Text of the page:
Life

A good autumn helps winter crops

September 21st, 2016 5:00 PM

By Southern Star Team

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Plants can keep growing well through a mild September and this can make all the difference to late crops. Carrots and pumpkins get a chance to grow a little larger before lifting and the latter may ripen some extra fruits. A good autumn also helps winter crops to establish and reach a reasonable size before any cold weather arrives.

This can be a good time for some flowers to produce a second flush of blooms and borders can be filled with a scatter of jewel-like colours. Enjoy what the season brings and accept any good weather as a post-summer gift. 

Apples

I have to confess that my trees haven’t been as bountiful this year. Some, that usually produce buckets of fruit, have only the odd apple dotted around their branches. Others have clusters of fruit in sheltered places. Blossom was late to form in the spring and small fruitlets later; my trees also sit in a frost pocket at a significant height above sea level. I’m not making excuses, but simply explaining that what happens in the early months of the year is as important as care and location for getting a good apple harvest.

Another thing to note is that apple and pear trees can be forced into biennial bearing. This is where a tree that fruits heavily in one year, produces little or nothing in the following one. This pattern can be hard to break but the best way to do so is to feed the tree well in early spring. Keep the base free of weeds, if possible, and water in any dry weather. It can also be helpful to thin fruit early in the year on a heavily laden tree.

 

Under cover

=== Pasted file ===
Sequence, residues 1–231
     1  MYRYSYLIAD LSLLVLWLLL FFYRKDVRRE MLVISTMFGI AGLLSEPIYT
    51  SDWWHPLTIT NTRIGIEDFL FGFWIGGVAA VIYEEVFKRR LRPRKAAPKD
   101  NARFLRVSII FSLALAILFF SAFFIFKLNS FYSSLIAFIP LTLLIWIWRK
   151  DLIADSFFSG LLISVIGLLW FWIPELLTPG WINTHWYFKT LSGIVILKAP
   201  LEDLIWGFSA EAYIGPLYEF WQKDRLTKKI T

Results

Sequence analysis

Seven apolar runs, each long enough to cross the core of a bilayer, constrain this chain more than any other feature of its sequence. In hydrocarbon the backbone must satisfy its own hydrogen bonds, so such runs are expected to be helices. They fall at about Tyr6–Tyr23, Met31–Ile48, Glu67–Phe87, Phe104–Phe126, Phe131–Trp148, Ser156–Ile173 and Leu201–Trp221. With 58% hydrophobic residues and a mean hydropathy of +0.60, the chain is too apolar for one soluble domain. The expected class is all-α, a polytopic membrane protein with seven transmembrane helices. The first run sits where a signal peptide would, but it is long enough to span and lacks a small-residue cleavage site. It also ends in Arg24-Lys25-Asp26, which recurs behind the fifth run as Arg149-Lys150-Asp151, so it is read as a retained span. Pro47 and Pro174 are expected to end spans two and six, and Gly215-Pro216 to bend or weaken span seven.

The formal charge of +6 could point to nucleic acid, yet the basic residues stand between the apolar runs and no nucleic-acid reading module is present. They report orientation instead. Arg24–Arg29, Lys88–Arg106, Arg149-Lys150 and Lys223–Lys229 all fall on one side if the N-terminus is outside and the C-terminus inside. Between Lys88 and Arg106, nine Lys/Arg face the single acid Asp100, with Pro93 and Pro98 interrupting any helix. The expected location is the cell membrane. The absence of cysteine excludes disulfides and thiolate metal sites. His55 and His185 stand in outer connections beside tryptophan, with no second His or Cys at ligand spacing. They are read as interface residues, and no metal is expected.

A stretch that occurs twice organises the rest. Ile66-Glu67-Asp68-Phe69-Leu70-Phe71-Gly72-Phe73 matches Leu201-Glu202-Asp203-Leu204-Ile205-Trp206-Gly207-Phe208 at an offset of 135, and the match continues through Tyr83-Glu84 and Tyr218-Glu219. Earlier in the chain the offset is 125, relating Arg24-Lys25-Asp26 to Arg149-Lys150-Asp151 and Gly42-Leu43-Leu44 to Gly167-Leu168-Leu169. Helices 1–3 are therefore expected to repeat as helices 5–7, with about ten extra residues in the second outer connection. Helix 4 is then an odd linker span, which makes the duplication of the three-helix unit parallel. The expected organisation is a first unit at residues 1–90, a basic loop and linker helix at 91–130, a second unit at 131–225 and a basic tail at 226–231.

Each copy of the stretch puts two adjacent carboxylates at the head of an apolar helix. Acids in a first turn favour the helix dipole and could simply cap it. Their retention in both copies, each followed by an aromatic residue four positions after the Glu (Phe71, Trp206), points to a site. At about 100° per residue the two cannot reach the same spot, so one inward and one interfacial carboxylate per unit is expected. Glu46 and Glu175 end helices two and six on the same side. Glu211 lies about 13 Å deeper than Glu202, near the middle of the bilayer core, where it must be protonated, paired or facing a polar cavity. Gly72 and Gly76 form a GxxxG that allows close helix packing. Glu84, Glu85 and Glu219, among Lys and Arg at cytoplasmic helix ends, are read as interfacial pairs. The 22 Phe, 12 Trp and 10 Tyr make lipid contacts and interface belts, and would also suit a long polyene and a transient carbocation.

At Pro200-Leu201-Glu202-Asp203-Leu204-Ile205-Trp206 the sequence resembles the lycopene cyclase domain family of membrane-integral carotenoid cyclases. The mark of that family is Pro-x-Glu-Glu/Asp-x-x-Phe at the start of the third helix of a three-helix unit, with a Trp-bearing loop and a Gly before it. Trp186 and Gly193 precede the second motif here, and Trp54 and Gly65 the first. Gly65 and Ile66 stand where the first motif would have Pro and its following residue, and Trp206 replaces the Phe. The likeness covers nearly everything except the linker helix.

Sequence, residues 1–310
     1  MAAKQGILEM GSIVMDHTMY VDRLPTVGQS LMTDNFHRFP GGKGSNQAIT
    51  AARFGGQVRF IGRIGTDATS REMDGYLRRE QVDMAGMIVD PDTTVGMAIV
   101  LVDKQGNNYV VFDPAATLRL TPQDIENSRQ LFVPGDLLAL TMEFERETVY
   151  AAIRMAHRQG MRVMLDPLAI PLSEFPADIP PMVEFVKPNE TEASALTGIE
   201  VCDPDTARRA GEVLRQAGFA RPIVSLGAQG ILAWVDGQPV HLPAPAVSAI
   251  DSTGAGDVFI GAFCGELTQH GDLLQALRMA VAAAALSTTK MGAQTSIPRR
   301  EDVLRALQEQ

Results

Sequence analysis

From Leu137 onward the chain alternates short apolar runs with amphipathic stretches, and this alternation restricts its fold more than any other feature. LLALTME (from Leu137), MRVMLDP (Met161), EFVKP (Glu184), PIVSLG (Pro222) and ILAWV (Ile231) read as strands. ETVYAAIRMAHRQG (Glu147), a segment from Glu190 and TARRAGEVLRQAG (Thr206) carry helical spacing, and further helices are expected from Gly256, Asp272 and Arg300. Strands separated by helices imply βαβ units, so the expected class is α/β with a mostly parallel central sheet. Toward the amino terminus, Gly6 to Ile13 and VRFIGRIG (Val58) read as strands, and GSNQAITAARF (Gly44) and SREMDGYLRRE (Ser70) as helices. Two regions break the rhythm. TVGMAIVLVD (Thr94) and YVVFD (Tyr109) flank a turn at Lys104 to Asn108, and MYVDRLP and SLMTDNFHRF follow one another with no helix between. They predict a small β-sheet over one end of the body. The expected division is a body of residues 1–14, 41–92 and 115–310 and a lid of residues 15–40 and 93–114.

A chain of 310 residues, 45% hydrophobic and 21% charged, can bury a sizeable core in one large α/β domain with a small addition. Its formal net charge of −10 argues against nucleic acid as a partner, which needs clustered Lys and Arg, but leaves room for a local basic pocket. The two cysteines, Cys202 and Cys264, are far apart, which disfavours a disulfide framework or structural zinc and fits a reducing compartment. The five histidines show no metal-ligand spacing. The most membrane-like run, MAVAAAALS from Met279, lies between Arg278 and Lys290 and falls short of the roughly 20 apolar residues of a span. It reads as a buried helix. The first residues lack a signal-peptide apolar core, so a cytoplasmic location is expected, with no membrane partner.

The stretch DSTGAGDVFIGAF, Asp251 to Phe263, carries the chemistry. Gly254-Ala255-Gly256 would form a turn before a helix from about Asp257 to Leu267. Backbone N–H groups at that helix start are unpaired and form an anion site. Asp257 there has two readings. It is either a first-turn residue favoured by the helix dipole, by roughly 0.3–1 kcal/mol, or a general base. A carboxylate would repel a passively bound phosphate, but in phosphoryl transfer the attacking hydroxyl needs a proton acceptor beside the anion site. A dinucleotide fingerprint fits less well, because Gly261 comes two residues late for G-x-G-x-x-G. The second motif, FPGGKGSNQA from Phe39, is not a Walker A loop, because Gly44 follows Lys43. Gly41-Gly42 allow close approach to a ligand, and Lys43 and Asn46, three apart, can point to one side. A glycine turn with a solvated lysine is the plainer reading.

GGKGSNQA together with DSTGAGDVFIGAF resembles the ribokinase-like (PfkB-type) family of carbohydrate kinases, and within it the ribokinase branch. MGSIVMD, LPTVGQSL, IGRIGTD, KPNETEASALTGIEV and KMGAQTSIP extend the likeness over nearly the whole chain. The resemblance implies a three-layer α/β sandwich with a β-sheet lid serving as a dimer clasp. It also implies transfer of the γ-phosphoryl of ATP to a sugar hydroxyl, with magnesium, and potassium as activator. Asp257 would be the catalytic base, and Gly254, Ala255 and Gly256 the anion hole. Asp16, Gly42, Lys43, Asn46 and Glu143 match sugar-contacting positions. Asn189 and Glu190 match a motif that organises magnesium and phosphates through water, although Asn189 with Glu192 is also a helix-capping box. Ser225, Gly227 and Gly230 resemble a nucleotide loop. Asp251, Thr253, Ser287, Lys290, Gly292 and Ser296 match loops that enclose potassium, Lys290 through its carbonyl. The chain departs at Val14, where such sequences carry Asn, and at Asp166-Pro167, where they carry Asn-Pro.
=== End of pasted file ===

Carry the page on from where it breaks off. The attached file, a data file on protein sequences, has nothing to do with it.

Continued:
My polytunnel is still bursting at the seams with summer crops and it can be hard to find space for the winter ones. You can hold some plants in pots for a while, provided they don’t become root-bound, but really it is important to start freeing up the space to sow and plant into the borders. 

It is seldom worth cherishing failing plants at the expense of new ones. You may get a few last cucumbers, or courgettes later in the year than from outdoor plants. If you have the space, then by all means keep those plants going. But if you are sacrificing a good crop of winter greens for the sake of a few small squash, then clear the old plants and replace with productive ones.

You can buy spring cabbage plants to grow in the greenhouse, or there is still time to sow some if you want your own variety to harvest in April. Spinach, turnips and chard are easy winter and spring crops, so sow and plant a few of these too.

And I would make a plea to sow rows of salad leaves wherever you can, even if this means fitting them in between tomatoes (lower leaves should be stripped at this point and plenty of light will reach through). Winter salad sown now will give pickings for months and the plants will be slow to bolt in cold weather. You can have delicious mixes of winter lettuce plus mustard greens, purslane, rocket, mizuna, mibuna, cress and more if you sow before the end of September.

 

Beans galore

It has been a very good year for beans and it can be hard to know what to do with the glut. Dwarf French and climbing ones have performed well, but there is little to beat the productivity of runner beans. For the amount of ground they cover, they produce an enormous crop. Look under and behind leaves for hidden monsters and remove them while picking the smaller tender ones.

I use a potato peeler to run down each side of runner beans and remove strings quickly. Don’t use pods that are tough throughout: no amount of cooking will get rid of the stringiness.

And if the time comes when you have given away, eaten, and stored as many beans as possible, then it is acceptable to lift the lot. Pea and bean stems are great for adding an aerating layer to the compost heap.

 

Onions and garlic

Autumn planted onions and garlic do particularly well in my garden, but I know that some gardeners planted these last year only to have them rot in a mild, and very wet winter. It is always worth planting into a raised bed, or raising the soil up into a ridge for these autumn plantings. This allows the soil to drain more freely and keeps roots above the water line.

It is also a good idea to cover rows with crop cover, or horticultural fleece, to protect against cold weather. Raise this above the growing plants on hoops of wire or alkathene pipe.  

 

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